Why We Use Clicker Training at C.A.R.E.
If you’ve ever spent any time at our shelter, odds are you’ve heard a mechanical click sound come from one of our trainers while they’re working with a dog or cat (and maybe occasionally an iguana). Curious about why we utilize clickers while training? Well then, read on for a brief overview of what makes clicker training work.
The “clicker” in clicker training refers to a mechanical device that makes a click sound when you depress a button. We use this device as an event marker to let the animal know that a reward is imminent. Some trainers use a marker word such as “yes.” Trainers working with deaf animals might use a keychain light or a thumbs up as a marker. They key is developing a consistent signal that the animal recognizes as preceding the delivery of a reward. The science behind building this connection has been established ever since Pavlov’s dogs started salivating at the sound of a bell (this is called classical conditioning).
The use of this marker allows us to communicate clearly with the animal that we’re training, and provides the animal with much needed feedback. To an animal that has become familiar with clicker training, hearing a click lets them know that they did something right. The lack of a click when they were expecting one lets them know that they need to try something different. Most animals, just like people, enjoy using their brain to solve puzzles. It’s a heartwarming sight to witness an animal that is enthusiastic about training and clearly enjoying itself. This is what we call a win-win. The animal is getting its share of entertainment and enrichment, while also learning valuable skills that will help it thrive in its new home.[/vc_column_text]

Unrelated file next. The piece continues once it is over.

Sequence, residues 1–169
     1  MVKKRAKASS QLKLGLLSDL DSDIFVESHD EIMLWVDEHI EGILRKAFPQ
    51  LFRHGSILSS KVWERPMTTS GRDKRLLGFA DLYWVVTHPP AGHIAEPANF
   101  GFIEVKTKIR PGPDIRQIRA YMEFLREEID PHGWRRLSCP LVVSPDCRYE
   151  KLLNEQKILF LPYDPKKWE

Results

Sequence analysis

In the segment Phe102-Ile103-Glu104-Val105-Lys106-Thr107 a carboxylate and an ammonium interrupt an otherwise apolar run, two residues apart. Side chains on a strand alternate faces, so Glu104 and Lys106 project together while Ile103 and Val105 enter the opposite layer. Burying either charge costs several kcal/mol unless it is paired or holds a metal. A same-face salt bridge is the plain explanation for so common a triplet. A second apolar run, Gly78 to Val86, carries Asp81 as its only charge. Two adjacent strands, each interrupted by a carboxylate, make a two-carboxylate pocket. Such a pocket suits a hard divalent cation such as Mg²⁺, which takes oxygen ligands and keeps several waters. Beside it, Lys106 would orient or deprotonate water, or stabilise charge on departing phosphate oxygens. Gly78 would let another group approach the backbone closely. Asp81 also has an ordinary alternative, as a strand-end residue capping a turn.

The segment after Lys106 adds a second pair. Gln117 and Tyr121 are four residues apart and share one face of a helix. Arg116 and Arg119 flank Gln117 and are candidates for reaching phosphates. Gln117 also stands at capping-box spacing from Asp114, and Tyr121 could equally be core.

Some may wonder why we don’t use some of the more traditional training techniques that many pet owners are familiar with. The simple answer is that clicker training is more effective and more humane than traditional methods. Personally, I also think it’s a whole lot of fun! Having the ability to communicate with an animal and tell them exactly when they did something correct can make training much easier. Clicker training is also more forgiving of your mistakes. If a trainer punishes an animal at the wrong time, it is likely to create behavioral issues that are worse than the ones you are trying to modify. If a trainer clicks and treats at the wrong time, all that happens is the animal gets an extra treat and then continues with training.
In addition to making training easier, clicker training opens up a whole world of creativity for animals, gives them the gift of choice, and allows them some control over their environment. Most pet animals do not get the opportunity to make decisions on their own all that often. By utilizing the concept of operant conditioning (look up B.F. Skinner if you’re interested in the science), we teach animals that their behavior can control their environment.